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M. Bakri Musa

Seeing Malaysia My Way

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Location: Morgan Hill, California, United States

Malaysian-born Bakri Musa writes frequently on issues affecting his native land. His essays have appeared in the Far Eastern Economic Review, Asiaweek, International Herald Tribune, Education Quarterly, SIngapore's Straits Times, and The New Straits Times. His commentary has aired on National Public Radio's Marketplace. His regular column Seeing It My Way appears in Malaysiakini. Bakri is also a regular contributor to th eSun (Malaysia). He has previously written "The Malay Dilemma Revisited: Race Dynamics in Modern Malaysia" as well as "Malaysia in the Era of Globalization," "An Education System Worthy of Malaysia," "Seeing Malaysia My Way," and "With Love, From Malaysia." Bakri's day job (and frequently night time too!) is as a surgeon in private practice in Silicon Valley, California. He and his wife Karen live on a ranch in Morgan Hill. This website is updated twice a week on Sundays and Wednesdays at 5 PM California time.

Wednesday, December 12, 2007

Towards A Competitive Malaysia #35

Chapter 6 Great Nation, Great Leaders (Cont’d)

Leadership in the Era of Globalization

One consequence of globalization is the diminished importance of sovereign states and the concomitant decline in the powers of national leaders. This aspect of globalization enrages nationalistic leaders like Mahathir.25 Theirs is a losing battle.

For example, Malaysia’s interest rates are determined less by its central bankers and more by bond traders and money managers at major financial centers. Malaysia tried to isolate itself by instituting capital controls following the 1997 economic crisis, but smarter heads prevailed and those barriers have since been dismantled. Malaysian leaders can take comfort that American interest rates too are controlled less by the Federal Reserve and more by Wall Street and large foreign bondholders like China and Japan.

Previously, national leaders thought they could control their citizens by having the monopoly on information, hence the obsession with national news agencies, media control, and outright censorship. With the Internet and ICT, the government’s control is effectively neutralized. Nobody reads Bernama, Malaysia’s national news agency. The New Straits Times (NST), once the nation’s premier newspaper, is today unceremoniously relegated to third place in circulation. Its decline coincided with its control and ownership by UMNO. That paper is today nothing more than an UMNO newsletter, a shocking decline for a once proud brand. Even the Sun, established only a few years ago, has upstaged NST. In the past, totalitarian states could control the flow of their people. Since the fall of the Berlin Wall, even the Russians could not do that. They have belatedly learned not to even try.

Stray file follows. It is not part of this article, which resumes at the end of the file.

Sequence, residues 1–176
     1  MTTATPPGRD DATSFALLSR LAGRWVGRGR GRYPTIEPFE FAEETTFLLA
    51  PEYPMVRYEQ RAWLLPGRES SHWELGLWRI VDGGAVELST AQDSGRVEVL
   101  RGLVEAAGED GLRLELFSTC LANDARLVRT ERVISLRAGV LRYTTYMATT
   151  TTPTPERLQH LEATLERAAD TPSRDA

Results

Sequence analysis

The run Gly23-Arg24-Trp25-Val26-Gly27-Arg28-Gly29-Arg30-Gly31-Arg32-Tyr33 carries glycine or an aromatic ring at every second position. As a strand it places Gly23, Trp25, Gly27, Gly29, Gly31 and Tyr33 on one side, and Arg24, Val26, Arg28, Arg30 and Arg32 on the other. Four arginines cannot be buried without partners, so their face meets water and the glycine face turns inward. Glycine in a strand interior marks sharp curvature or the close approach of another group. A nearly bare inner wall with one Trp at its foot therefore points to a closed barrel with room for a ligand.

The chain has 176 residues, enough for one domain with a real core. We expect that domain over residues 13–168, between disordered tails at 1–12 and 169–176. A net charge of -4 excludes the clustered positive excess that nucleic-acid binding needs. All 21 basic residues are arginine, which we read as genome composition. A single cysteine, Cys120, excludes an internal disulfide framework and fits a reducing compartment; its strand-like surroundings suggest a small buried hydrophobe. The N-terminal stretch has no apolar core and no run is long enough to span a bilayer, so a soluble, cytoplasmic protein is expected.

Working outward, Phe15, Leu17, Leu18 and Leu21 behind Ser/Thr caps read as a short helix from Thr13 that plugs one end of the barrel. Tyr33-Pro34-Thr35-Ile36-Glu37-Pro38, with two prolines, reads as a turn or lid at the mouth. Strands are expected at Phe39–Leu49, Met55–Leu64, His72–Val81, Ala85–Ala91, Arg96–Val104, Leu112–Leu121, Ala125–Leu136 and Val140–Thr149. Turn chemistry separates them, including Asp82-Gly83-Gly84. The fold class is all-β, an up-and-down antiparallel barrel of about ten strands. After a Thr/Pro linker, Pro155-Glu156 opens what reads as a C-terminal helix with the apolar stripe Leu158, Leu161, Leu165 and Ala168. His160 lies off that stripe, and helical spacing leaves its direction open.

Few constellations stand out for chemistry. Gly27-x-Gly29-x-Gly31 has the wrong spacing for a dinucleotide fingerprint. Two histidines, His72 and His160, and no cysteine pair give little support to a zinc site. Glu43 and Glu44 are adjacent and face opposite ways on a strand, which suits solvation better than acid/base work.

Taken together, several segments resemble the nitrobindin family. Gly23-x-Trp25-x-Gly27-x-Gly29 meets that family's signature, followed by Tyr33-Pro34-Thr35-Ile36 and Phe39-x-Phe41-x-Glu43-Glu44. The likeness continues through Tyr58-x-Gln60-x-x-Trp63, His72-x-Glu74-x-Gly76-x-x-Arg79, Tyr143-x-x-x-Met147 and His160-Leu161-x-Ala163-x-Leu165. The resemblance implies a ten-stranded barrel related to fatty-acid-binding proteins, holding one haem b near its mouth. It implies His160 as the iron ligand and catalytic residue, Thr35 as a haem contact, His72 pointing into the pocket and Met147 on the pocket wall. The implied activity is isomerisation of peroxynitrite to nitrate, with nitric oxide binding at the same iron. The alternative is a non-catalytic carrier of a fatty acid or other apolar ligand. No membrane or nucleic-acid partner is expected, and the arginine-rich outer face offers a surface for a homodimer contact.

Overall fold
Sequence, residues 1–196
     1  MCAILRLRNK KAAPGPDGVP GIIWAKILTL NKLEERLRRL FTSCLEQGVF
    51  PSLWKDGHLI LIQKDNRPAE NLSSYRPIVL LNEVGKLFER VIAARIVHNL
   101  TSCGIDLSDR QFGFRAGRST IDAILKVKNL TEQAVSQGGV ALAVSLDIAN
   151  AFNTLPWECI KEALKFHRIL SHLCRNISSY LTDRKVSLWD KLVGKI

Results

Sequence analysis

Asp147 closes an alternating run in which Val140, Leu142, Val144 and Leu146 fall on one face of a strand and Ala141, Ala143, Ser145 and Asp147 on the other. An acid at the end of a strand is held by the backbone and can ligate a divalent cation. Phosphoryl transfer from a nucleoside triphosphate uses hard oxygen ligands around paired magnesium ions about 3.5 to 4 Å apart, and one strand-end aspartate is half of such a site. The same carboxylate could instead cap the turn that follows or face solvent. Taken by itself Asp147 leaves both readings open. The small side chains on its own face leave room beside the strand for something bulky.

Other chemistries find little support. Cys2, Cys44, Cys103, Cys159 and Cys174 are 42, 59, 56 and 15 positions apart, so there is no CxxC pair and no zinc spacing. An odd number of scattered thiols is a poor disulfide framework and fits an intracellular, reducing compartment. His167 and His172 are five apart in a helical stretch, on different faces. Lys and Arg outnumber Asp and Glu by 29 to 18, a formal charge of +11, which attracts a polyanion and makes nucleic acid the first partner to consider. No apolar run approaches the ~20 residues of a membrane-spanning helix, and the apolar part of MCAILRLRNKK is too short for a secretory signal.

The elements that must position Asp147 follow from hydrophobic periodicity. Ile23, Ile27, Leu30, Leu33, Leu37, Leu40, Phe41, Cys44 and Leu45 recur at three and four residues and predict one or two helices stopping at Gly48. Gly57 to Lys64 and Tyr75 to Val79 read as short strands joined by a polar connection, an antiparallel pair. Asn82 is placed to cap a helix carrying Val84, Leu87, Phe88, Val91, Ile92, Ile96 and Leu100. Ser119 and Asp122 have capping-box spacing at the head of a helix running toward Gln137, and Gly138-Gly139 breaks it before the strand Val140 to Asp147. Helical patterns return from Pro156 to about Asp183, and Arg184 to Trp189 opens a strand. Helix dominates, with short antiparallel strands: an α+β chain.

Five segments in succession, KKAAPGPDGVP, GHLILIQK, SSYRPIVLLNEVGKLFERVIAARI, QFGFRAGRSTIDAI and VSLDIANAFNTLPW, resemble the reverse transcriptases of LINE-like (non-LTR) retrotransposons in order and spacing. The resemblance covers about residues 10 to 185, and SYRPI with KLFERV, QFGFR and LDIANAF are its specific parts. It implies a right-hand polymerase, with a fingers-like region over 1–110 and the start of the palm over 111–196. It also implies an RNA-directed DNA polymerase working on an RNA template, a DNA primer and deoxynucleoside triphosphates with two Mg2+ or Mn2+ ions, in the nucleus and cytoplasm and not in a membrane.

Sovereign states still have the exclusive prerogative to issue passports and visas, but those documents are increasingly becoming irrelevant, especially for two groups of people. First the highly talented; they are in demand worldwide. Even China is offering immediate “Green Cards” in an attempt to entice the talented. Not that there are many takers. Western countries are laying down the red carpet for the best and brightest. Many from the Third World are responding, oblivious of the patriotic pleadings of their leaders back home.

The second are the unskilled, desperate to escape the hell that is their homeland in the developing world. To them, borders too are meaningless, they will do desperate things like being cooped up in suffocating containers in order to gain entry into the developed world.

With the free flow of information across borders and its democratization within those borders, power is effectively decentralized. A rigid command-and-control system cannot operate in such an environment. What is needed is a flexible and nimble leadership structure, ready to respond quickly to changes. One size fits all, the hallmark of military leadership, would not do it.

In this era of globalization, Abdullah’s coach-like leadership style is better suited than Mahathir’s confrontational tone. If you have to shout in order to be heard, chances are you do not have anything worthwhile to add to the conversation. You are rightly ignored. That was the fate that befell Mahathir in the last few years of his tenure. The shriller he became, the more he was ignored. Abdullah’s low-key style is more in tune with today’s realities. Having the right style is only the beginning; you also have to have substance and effective execution. This is where he is sorely lacking.

To be an effective leader today, one needs to understand the nuances and subtleties of the world as well as your own country, and then adjust accordingly. The hubris of many Third World leaders is that they think they can change the greater world when they cannot effectively do that to their own little state.

Citizens too have their responsibility to nurture effective and responsive leaders at all levels. We must demand this of our leaders.

Next: Chapter 7: People: Our Most Precious Asset

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